Once it was set to the touch, we waited another 30-more minutes before attempting to demold.


Demolding was straight forward. We removed the rubber band and spread the mold apart to pop out our finished casting. It was almost perfect despite a bit of flashing That was an easy clean up using an X-Acto knife. We also cleaned up any evidence of seam lines this way.


With a little elbow grease and some four-0 steel wool we polished the knob to remove the resin on its surface and expose the brass. We could also use a buffing wheel for an even shinier surface.

The finished piece was an extraordinary copy the original knob. It is hard to distinguish from the original piece. The original was darker due to surface oxidation.

In a little time, natural surface oxidation will remove any noticeable differences. One can always hasten the aging process using metal patina acids.

The results were so spectacular that we decided to replace our cabinet hardware with this 19th century reproductions. We were able to create eighteen more knobs from the same silicone mold with no difference in detail.


Assemble your materials. You will need a 1-Pint kit of MoldRite25 and AquaClear resin along with metal powder, mixing cups and mixing stick. You will also need a hot glue gun and a gram scale to weigh out the MoldRite25 silicone rubber.


We placed a small dab of hot glue on the bottom of our part.


The knob was secured to the bottom of a container with the hot glue.


We measured out Part A of the MoldRite 25 using the gram scale. We wanted enough material to cover our knob about 1/2-inch higher than the highest point. Since we were using the same container as our mold box to pour in Part A it was a simple matter of filling the empty container to the same level mark that would equal 1/2-inch above.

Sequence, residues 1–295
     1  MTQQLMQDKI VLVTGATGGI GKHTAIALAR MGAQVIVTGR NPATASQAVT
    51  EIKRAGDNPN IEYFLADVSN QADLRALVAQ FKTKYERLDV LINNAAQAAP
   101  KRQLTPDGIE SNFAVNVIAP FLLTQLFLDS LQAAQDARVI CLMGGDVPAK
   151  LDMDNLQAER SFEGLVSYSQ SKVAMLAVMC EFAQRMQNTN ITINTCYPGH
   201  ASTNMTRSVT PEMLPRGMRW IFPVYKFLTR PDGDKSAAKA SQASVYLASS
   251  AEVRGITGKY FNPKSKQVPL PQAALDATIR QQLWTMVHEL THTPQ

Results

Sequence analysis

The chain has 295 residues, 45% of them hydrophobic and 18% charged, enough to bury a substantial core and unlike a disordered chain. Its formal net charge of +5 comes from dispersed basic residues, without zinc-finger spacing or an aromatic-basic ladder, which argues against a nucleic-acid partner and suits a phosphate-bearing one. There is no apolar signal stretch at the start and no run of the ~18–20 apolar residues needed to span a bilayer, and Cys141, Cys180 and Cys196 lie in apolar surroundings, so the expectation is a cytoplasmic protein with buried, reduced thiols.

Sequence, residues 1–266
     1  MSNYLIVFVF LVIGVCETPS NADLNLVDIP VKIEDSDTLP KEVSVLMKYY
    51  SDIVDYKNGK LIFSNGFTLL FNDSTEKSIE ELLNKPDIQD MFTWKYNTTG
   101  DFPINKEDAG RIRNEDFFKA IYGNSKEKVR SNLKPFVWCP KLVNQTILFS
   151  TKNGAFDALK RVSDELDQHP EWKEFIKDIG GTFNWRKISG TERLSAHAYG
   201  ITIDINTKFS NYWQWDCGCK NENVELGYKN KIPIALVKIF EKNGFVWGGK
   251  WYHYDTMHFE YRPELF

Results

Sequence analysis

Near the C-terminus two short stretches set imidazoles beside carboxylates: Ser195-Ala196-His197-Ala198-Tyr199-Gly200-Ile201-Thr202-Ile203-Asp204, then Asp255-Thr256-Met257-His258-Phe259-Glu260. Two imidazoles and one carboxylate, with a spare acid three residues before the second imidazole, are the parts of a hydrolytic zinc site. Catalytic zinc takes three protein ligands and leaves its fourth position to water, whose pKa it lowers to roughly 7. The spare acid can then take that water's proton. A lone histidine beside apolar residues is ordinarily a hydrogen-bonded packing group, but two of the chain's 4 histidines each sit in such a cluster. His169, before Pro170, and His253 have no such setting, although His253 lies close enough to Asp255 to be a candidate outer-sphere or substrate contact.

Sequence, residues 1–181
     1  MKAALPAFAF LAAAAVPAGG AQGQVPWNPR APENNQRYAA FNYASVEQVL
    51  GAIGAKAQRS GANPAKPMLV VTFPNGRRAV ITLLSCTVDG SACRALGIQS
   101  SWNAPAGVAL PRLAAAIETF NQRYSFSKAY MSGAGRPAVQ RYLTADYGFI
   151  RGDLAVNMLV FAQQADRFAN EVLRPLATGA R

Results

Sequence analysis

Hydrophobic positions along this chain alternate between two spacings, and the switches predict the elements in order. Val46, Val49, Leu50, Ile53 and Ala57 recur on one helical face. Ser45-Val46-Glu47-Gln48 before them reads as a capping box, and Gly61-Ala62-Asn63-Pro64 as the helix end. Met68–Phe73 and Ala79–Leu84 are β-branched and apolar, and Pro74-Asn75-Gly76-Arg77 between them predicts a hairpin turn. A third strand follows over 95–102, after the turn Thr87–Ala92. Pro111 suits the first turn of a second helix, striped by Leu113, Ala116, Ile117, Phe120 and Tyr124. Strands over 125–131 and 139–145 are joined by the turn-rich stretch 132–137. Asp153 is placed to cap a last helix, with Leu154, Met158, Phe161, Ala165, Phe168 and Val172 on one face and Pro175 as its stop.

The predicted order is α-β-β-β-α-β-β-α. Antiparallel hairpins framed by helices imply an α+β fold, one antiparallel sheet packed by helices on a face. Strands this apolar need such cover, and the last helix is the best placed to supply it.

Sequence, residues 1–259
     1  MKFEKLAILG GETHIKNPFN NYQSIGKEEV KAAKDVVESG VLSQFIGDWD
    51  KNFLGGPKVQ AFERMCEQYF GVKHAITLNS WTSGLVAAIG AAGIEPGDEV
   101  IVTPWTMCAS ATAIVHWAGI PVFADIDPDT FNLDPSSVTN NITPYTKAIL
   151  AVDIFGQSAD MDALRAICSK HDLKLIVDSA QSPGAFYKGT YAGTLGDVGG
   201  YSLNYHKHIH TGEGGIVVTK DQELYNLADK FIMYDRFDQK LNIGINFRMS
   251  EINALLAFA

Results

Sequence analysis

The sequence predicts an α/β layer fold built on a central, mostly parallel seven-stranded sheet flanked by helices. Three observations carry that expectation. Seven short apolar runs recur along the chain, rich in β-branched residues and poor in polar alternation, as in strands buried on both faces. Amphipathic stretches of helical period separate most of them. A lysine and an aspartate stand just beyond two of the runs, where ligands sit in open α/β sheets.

In a separate cup we measured out Part B of MoldRite 25 Part B is 1/10 the weight of Part A. We almost forget to account for the weight of the cup. By placing the empty cup on the scale and pressing the ‘tare’ button the scale automatically set itself zero and the weight of the cup was then accounted for. We measured out 10 grams of Part A and 1gram of Part B.


Once Part A and B are measured combine the two parts and mix until you have an even color without any marbling.


After mixing well, we poured the silicone into the mold container in a long narrow stream. We poured in one spot letting the rubber envelope the knob. This drives out more air.


When the mold rubber has set, we sliced open the mold with a razor or X-Acto knife. We cut opposite sides and 2/3rds of the way down.


The mold was spread open like a clam shell to remove the original part.


The mold was baked in the oven at 150-200 F° to outgas any residual alcohol remaining in the mold.


To create a brass casting we needed 325 Mesh brass powder and AquaClear resin along with some cups and mixing sticks.


We measured out equal parts of Part A and Part B in two cups.


 We then spooned out brass powder in a third cup to the same level we measured for Part A and Part B of AquaClear resin.


We added half the brass powder to Part A and the balance to Part B and stirred well.


Part A and Part B are combined in a separate cup and thoroughly mixed before it is poured into the mold.


Once the cast was set, we removed the cast knob and polished it with 0000 steel wool to expose the brass surface.


The duplicated brass knob is on the left.  The original is on the right. The original has a worn lacquer surface which adds to the antique look. In time the newly made copy will gain a patina of its own.